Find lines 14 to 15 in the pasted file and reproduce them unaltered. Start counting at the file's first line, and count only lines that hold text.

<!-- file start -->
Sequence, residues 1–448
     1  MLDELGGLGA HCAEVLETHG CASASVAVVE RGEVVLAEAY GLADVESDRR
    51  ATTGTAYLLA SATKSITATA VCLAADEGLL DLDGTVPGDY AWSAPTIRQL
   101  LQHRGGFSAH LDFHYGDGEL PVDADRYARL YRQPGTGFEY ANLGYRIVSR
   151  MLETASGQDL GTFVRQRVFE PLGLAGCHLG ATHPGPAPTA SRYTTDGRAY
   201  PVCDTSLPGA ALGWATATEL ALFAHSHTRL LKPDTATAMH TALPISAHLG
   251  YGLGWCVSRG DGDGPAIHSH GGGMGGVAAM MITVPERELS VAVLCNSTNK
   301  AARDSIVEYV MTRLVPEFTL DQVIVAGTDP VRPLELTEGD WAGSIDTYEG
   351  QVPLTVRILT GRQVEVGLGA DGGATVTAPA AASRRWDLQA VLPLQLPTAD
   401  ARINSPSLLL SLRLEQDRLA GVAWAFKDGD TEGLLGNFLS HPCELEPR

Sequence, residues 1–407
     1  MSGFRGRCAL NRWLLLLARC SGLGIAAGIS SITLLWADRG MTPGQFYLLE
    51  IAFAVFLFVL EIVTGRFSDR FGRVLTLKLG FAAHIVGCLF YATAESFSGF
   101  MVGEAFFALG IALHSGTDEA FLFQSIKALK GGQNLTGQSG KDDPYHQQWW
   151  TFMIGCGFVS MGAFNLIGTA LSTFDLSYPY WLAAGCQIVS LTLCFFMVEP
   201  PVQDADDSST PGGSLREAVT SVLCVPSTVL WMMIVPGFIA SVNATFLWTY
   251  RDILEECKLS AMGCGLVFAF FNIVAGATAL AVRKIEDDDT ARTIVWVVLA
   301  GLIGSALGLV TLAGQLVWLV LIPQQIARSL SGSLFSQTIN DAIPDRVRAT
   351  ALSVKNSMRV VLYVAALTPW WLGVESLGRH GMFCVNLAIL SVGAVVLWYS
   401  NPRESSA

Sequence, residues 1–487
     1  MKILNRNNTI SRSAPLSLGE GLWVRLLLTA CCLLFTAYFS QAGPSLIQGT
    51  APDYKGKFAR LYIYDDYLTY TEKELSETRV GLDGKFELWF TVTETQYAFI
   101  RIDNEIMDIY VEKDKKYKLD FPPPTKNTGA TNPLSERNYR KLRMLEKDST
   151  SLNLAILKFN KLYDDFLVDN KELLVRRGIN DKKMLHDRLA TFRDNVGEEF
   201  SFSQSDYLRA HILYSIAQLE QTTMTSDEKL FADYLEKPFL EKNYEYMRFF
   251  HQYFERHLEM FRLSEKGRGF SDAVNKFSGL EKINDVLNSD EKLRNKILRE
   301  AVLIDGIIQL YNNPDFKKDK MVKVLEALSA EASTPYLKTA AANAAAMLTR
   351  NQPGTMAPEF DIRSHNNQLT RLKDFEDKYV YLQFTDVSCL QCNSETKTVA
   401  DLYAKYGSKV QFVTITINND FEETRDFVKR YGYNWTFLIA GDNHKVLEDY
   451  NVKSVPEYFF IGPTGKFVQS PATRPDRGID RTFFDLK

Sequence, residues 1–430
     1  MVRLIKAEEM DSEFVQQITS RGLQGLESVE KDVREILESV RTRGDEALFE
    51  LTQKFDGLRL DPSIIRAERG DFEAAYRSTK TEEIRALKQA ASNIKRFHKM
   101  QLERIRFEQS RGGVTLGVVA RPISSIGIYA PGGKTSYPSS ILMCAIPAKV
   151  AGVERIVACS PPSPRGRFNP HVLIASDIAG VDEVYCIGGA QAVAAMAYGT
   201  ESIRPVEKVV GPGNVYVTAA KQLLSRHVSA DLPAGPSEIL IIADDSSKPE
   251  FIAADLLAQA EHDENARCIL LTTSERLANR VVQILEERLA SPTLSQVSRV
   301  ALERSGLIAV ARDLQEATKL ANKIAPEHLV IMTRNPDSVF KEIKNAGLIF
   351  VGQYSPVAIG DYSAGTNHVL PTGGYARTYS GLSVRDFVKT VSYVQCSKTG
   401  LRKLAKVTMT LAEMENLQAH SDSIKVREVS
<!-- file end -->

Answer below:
   101  MVGEAFFALG IALHSGTDEA FLFQSIKALK GGQNLTGQSG KDDPYHQQWW
   151  TFMIGCGFVS MGAFNLIGTA LSTFDLSYPY WLAAGCQIVS LTLCFFMVEP